Archive for September 8, 2022

09/08/2022 – Ephemeris – We are going to have an early Harvest Moon this year

September 8, 2022 Comments off

This is Bob Moler with Ephemeris for Thursday, September 8th. Today the Sun will be up for 12 hours and 53 minutes, setting at 8:06, and it will rise tomorrow at 7:14. The Moon, 2 days before full, will set at 5:54 tomorrow morning.

We are going to have an early Harvest Moon this year, on the early morning of Saturday the 10th, this Saturday coming up. The Harvest Moon is the closest full moon to the autumnal equinox, which is on the 22nd. The earliest a Harvest Moon can fall is on the 8th of September. The reason that the Harvest Moon is so famous is that at sunset the Moon’s path, in the sky, is shallow to the horizon. So it rises much less than its average 50 minutes later each night. This effectively lengthens the amount of useful twilight, allowing more time to harvest the crops. It compensated for the rapid retreat of the daylight hours this time of year. It’s not so important now, but back before electric lights it definitely was.

The astronomical event times given are for the Traverse City/Interlochen area of Michigan (EDT, UT – 4 hours). They may be different for your location.


Harvest Moon Rising ala The Harvest Moon rising as seen in StellariumStellarium

The Harvest Moon rising as seen in Stellarium. The planetarium program Stellarium, which I use a lot, also colors the rising and setting Moon and Sun. It also reproduces the effect of atmospheric refraction, which makes objects close to the horizon look higher than they are. Thus, extended objects close to the horizon appear squashed a bit vertically.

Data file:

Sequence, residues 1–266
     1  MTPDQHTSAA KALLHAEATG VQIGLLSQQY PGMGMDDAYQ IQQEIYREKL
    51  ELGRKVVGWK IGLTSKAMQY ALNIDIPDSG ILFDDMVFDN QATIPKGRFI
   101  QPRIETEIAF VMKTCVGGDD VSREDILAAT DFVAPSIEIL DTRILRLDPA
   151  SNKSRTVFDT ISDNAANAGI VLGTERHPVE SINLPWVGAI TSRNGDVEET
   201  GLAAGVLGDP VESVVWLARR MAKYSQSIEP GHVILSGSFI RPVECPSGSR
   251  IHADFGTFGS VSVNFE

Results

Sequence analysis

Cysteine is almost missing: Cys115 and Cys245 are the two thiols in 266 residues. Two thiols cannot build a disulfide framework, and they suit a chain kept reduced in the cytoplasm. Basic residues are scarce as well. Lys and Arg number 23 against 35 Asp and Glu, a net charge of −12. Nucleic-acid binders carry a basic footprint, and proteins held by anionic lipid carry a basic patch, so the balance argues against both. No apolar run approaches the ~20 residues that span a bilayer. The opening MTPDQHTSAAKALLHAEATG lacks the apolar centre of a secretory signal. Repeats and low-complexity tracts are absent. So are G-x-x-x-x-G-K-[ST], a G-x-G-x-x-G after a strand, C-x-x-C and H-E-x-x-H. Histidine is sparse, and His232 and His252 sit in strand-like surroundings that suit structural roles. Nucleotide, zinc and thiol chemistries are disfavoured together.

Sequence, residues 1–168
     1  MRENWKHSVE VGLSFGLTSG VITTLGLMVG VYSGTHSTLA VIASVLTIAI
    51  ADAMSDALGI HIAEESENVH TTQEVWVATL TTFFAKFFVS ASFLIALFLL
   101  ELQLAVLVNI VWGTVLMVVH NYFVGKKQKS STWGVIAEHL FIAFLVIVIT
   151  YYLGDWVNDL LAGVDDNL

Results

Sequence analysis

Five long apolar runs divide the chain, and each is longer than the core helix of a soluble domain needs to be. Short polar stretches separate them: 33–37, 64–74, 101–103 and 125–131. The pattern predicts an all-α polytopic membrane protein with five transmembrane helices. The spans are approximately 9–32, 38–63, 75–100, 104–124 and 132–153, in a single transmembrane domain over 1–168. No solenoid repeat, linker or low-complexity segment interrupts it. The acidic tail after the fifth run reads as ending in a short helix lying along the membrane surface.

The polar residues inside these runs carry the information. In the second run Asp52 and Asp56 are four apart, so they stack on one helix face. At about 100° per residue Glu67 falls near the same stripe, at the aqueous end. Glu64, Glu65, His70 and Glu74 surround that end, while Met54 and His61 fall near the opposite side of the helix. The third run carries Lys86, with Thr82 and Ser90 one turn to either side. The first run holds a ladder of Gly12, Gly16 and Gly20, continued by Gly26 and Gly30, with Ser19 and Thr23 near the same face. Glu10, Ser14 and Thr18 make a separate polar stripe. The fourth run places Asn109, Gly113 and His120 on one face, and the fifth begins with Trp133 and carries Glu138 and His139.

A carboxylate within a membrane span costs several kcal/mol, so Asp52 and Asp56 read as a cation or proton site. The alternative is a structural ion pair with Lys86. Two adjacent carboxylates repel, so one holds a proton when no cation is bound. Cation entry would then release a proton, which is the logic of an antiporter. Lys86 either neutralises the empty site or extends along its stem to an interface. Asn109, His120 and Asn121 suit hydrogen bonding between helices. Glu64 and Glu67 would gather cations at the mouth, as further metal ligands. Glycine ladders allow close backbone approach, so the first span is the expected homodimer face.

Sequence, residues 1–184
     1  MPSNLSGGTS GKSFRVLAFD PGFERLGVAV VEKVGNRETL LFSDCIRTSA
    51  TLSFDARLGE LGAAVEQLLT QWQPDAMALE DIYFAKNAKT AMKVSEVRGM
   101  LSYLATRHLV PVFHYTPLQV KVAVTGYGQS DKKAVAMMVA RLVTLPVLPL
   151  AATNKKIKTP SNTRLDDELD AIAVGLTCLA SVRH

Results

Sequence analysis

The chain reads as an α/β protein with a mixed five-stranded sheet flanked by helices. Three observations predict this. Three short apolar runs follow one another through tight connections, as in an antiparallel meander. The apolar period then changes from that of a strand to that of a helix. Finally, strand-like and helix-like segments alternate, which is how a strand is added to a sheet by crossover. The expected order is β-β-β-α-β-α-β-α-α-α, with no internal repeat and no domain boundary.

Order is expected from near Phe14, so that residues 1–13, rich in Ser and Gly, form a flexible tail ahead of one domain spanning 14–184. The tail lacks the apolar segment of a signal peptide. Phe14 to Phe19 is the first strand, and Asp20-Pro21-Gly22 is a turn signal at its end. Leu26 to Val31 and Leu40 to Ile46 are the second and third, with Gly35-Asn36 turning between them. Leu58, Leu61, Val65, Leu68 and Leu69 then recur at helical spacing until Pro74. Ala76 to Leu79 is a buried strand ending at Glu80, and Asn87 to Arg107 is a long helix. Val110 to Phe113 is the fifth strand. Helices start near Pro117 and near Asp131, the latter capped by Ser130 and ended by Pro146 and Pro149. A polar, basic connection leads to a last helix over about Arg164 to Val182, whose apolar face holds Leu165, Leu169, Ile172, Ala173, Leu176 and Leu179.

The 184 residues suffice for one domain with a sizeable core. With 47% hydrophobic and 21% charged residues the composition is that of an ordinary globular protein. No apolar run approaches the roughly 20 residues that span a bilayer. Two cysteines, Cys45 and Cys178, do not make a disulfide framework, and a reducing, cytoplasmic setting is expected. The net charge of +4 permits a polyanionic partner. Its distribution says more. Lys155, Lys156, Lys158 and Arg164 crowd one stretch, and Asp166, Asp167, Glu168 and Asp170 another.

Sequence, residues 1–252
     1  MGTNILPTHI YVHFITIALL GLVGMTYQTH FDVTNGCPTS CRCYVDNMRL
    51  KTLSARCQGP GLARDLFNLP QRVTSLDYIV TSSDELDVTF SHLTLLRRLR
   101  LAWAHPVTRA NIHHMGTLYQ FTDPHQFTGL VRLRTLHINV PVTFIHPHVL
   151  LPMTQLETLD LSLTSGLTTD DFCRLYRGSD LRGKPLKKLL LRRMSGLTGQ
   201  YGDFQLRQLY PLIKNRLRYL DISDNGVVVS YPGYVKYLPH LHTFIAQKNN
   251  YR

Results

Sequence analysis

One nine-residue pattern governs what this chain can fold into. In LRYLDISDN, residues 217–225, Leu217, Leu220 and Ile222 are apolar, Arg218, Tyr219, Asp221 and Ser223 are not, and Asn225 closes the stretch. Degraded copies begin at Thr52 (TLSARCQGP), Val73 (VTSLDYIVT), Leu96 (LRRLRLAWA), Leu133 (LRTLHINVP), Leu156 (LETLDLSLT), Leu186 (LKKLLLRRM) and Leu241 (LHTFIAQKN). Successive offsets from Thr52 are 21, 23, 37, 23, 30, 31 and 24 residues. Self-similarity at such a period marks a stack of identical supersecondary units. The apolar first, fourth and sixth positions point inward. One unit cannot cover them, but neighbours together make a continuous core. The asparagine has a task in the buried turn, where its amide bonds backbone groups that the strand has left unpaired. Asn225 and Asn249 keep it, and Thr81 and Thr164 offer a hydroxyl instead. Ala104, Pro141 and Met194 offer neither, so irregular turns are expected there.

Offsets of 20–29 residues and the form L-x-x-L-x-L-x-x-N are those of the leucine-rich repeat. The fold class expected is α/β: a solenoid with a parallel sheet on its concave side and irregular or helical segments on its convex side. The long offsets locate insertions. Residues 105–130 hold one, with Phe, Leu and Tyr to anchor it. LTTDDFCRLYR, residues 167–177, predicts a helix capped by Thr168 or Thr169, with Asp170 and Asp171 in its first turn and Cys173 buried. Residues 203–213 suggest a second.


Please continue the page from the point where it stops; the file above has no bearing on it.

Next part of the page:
The Harvest Moon Effect diagram

The Harvest Moon effect is a phenomenon where the Moon’s nightly advance in rising times become much shorter than the average 50 minutes. This has the effect of extending the bright part of twilight for up to a week near the Harvest Moon. Complicating effects this year are the fact that the Harvest Moon is a supermoon, being a bit brighter than normal, and also moving faster than normal, negating the harvest moon effect somewhat. The Moon’s perigee was on the 7th, so the Moon is slowing down*, which shows in the delay numbers. Also helping to shorten the delay is that the path of the Moon is a bit shallower than the ecliptic. The Moon is south of the ecliptic, heading northward to its ascending node.

The Moon moves fastest in its orbit at perigee, and its slowest at apogee, at its farthest from the Earth.